When we are in a struggle or conflict of some kind, change cannot always be demanded to happen in our favor or as we see fit. Impasses may last for some time if there is reluctance associated with changing factors, including views and interests and needs. However, parties may decide to choose a new path or disposition concerning the shifts taking place. Closely related to this is the notion that changes in a given dispute do not always start from the outside-in. Certainly, external factors can play a role in causing change to happen internally. However, change is something that frequently occurs at the inner core of our decision-making — like a permission given to accept, initiate, or realign one’s mood or stance. How, when, or why this kind of change happens may not be straightforward. Though, maybe it is clearer that a  “transformation” has been established whereby one or more parties have become willing participants in the change process (Tucker 2007)(Hicks 2018). There often appears to be an intuitive sort of recognition involved in helping folks to move toward a transformative response in dispute resolution. Moreover, practitioners mustn’t lose sight of integrity when serving others in such a role. This often means being willing to allow outcomes to take place that are outside the scope of agreement-making and thereby not to guide with self-interest. Even where changeful trials surface, there is an unspoken power behind remaining friendly, impartial, and supportive — to genuinely accept people for where they are at while encouraging mutual understanding — around every corner.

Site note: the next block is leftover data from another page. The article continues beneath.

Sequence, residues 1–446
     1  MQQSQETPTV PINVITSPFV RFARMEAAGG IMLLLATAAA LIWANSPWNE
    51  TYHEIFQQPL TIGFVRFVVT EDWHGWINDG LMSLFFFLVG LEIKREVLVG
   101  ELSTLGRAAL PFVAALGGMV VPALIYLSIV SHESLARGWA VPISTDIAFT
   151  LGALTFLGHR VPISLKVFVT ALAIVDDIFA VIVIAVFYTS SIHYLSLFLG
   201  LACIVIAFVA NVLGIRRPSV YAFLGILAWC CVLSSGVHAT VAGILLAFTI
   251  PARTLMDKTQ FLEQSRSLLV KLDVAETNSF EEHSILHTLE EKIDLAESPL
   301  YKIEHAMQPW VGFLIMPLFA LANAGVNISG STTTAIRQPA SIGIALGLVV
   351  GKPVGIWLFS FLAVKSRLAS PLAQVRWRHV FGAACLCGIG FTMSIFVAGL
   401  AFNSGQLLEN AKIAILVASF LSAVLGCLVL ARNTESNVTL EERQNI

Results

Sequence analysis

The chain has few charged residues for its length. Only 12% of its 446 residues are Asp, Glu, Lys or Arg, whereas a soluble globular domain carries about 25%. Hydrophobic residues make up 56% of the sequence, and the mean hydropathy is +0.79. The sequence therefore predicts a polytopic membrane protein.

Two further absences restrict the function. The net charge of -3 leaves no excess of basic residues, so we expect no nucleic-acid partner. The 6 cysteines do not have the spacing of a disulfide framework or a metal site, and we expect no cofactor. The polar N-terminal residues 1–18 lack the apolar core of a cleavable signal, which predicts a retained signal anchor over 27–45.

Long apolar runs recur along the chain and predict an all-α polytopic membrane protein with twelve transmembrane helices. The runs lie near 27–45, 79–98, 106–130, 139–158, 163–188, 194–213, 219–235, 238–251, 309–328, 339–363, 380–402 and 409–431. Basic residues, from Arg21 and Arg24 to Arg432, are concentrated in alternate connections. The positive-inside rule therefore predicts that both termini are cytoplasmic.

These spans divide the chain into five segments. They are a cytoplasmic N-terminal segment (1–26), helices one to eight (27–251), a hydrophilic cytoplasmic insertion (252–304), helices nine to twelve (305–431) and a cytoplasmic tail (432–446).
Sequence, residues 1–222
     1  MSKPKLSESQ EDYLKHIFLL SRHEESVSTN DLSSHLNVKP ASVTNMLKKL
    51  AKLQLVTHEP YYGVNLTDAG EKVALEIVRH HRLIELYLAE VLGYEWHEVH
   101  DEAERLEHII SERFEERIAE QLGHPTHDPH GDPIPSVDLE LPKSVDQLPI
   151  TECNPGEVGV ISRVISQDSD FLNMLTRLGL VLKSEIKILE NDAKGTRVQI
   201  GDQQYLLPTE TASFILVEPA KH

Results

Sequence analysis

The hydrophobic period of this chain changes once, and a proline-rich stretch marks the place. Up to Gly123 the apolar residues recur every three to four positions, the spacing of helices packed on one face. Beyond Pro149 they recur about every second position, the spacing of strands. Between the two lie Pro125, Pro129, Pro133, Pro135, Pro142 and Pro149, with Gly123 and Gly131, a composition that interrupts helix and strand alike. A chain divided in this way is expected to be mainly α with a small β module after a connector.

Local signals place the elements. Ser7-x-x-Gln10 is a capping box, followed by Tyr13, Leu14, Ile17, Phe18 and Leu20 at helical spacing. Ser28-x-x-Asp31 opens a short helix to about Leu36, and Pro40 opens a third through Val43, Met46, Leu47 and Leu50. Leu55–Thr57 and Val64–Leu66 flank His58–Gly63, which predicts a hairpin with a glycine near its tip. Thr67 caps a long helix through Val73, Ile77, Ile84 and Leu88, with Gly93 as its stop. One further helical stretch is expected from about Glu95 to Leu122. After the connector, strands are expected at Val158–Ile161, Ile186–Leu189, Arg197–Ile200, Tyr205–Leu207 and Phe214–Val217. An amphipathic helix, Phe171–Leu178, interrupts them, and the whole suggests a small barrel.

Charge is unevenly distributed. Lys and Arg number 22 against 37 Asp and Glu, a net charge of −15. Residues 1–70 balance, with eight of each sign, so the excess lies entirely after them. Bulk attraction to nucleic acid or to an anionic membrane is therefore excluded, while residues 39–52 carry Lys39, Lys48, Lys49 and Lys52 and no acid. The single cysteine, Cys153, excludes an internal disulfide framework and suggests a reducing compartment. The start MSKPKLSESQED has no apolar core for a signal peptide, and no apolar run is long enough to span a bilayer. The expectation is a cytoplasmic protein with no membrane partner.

Where we are willing, inquirable, and thoughtful, we have much to learn from change in conflict resolution. This short article only brushes the surface to that end — it seems there may be many beneficial and interesting considerations to be uncovered regarding this topic. Perhaps it’s imprudent to underestimate or to overlook change in conflict resolution. Changes in disputes are generally consistent, dynamic, and robust. Keeping a neutral eye when practicing conflict resolution may enable us to better recognize shifts as internal, external, or a combination of both. Building a practice of adaptability and discernment is therefore absolutely critical. A humble acknowledgement of all this encourages us to stay on our toes and to be ready to make changes ourselves. Indeed, having preparedness to adjust and to introduce thoughtful strategies and conversations in light of the many changes discussed here is incredibly valuable in conflict resolution. Clear observation reveals that it is important to account for changes with a meaningful approach as we take strides to address and resolve conflicts together.

CJ Clayton Jr. 


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Works Cited and Related Resources:

Clayton Jr., CJ. (2019). “Momentum and Breaking Points”. Clayton Jr. Mediation.

Hicks, Tim. (2019). “Conflict Resolution is a Change Process, But What is Changing?: The Neural Reality of Conflict Experience”. April 8th, 2019.

Miall, Hugh. (2004). “Conflict Transformation: A Multi-Dimensional Task”.  Berghof Research Center for Constructive Conflict Management. August, 2004.

Patton, Cheryl M. (2018). “CHANGES: A CONFLICT MANAGEMENT MODEL FOR ORGANIZATIONAL REDESIGN EFFORTS”. Journal of Conflict Management: Volume 6, Number1.

Tucker, D. (2007). Mind from Body: Experience from neural structure. Oxford: Oxford University Press.